In addition we have the problems of divorce to which we shall come later in the Bill. So while the earlier retirement age has often been held up as an advantage for women—perhaps in the eyes of some men that is an unfair advantage—when looking at pension provision as a whole it is clear that, just as in the work place, equality in provision has been very late in coming and there are still injustices and anomalies which specifically affect women. Therefore, there seems to be a case for arguing for a minimum number of women on the new regulatory authority. I beg to move.

Lord Mackay of Ardbrecknish: I find myself a little confused by the noble Baroness's argument. I fully understand and appreciate—probably we shall discuss it later in the Bill—the problems which women have had over the years in getting equal rights and, in particular, in building up pensions. I do not believe that these arguments are at all relevant as regards who should make up the regulatory body. Therefore, I believe that we are having this debate at entirely the wrong place.

I always remember what one lady friend of mine in a senior position said when confronted by this question. She posed this question to her inquisitor: "Was I appointed on my merits or was I appointed just because you needed a woman?" That is the answer I give on this amendment.

We need six people who have the right qualifications. Frankly, if the best people are all women then so be it: if they are all men, so be it. I am quite sure that the Secretary of State will attempt, as we do in general government policy, to find women with the necessary qualifications in order to meet the main stipulation; namely, to be able to take a full part in the regulatory authority and do the job which needs to be done. I do not believe that it would be a service to pensioners, to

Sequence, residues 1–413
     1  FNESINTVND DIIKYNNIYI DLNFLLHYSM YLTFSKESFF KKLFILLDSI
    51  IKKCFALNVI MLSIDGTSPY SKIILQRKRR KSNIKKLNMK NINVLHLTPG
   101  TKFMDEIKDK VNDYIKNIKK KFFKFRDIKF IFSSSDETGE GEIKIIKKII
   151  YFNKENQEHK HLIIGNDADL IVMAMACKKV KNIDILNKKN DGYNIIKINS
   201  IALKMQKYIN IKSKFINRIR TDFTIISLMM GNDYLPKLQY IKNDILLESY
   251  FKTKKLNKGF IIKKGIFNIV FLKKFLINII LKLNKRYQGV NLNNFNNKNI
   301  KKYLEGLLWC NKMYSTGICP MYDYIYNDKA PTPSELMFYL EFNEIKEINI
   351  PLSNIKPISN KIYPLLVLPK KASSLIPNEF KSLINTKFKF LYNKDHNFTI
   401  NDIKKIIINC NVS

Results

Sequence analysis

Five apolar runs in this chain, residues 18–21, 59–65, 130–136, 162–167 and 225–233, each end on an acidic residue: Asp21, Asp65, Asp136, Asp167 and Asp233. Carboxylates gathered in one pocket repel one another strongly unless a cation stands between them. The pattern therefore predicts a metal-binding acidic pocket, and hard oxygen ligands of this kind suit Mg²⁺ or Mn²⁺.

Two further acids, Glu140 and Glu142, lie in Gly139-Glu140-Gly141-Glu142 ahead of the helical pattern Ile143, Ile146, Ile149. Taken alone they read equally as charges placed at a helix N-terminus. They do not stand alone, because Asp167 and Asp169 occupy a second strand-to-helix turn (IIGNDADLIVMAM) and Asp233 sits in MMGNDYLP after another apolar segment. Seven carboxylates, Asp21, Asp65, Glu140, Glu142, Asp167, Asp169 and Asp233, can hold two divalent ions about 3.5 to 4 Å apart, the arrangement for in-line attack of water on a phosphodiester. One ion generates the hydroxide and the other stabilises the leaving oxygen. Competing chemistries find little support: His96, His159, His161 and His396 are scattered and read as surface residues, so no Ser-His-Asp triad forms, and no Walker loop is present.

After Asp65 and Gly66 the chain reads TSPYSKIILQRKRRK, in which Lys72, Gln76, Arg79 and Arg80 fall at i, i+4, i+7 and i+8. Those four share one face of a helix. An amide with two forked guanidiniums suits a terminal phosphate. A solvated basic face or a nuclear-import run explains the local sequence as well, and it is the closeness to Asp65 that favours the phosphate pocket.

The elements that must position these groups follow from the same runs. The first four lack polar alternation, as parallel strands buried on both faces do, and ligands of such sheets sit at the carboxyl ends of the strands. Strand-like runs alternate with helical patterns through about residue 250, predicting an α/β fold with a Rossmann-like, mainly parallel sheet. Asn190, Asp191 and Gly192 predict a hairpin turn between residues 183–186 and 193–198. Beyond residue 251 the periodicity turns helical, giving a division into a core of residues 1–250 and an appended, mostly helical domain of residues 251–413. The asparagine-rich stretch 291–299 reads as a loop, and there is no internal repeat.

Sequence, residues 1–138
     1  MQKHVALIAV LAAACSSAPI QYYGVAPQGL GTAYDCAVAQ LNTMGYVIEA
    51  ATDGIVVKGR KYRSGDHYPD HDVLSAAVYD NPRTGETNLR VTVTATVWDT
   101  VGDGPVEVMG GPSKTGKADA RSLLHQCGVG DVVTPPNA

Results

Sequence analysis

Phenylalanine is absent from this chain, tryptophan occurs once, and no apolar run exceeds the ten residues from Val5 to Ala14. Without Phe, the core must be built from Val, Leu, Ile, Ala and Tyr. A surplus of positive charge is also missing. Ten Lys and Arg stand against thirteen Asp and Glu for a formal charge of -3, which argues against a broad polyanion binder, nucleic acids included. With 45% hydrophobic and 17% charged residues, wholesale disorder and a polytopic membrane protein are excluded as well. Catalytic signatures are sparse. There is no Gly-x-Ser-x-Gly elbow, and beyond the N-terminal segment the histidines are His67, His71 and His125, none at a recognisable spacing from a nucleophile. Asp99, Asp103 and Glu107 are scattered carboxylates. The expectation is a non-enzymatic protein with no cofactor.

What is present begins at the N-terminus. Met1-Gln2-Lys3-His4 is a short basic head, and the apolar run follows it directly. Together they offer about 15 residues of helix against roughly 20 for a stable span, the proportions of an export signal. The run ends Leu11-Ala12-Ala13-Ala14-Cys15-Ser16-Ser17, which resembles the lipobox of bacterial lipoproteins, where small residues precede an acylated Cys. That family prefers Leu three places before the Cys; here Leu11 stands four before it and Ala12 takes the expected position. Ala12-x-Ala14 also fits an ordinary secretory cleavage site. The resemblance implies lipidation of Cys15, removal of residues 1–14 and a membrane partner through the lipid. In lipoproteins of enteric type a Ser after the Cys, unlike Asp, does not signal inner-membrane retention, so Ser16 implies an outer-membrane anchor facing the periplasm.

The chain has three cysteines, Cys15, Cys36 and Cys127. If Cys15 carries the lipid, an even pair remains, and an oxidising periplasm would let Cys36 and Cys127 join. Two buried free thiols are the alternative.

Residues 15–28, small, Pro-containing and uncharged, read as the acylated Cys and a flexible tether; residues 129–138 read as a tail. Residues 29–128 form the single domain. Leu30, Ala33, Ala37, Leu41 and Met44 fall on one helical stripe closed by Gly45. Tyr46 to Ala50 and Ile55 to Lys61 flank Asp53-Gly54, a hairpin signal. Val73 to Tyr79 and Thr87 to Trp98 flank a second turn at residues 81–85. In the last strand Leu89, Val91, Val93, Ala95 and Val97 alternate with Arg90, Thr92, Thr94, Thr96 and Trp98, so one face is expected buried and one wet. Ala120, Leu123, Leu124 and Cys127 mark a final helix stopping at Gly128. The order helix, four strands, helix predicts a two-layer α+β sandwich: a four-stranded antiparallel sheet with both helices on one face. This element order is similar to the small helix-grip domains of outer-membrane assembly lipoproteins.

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men or women or women in general, to appoint people to a body just because they happen to be female. I hope that the noble Baroness will withdraw her amendment.

Baroness Lockwood: I was not surprised at the Minister's reply to this amendment in view of his response to previous amendments when we were discussing who would be the chairman and other members. All the time he referred to "he". The assumption was that the chairman, the deputy chairman and other members, would be "he". That is exactly the problem which my noble friend is trying to overcome. As the Minister has indicated, women can be very highly qualified. They can be appointed on merit. But this amendment would cause the Secretary of State to look carefully at qualified women nominees and not overlook them by assuming that all the members should be male.

Lord Boyd-Carpenter: I very much hope that my noble friend will not be persuaded to accept this amendment. It is very harmful, in principle, to try to decide in advance on the sex of the persons when appointing to a body of this kind. I am sure that that would be a very bad precedent. If the amendment is to have any effect at all, it must involve sometimes not appointing the best person available and that would be a great mistake. Therefore, I hope that my noble friend will be quite firm on this matter and ask the Committee to reject the amendment.

Baroness Dean of Thornton-le-Fylde: I hope that the Minister will change his mind and accept the amendment. Women find it very derogatory to know that they comprise over 50 per cent. of the population and yet continue to hear remarks that there may not be enough of sufficient ability. It is a very easy argument to put forward. The inference to be drawn is that if three women are asked for they will not be on the list because of ability. It is not mutually exclusive. Of course the decision has to be made on ability, but also on the basis of open and equal access. I suggest that that has not been applied.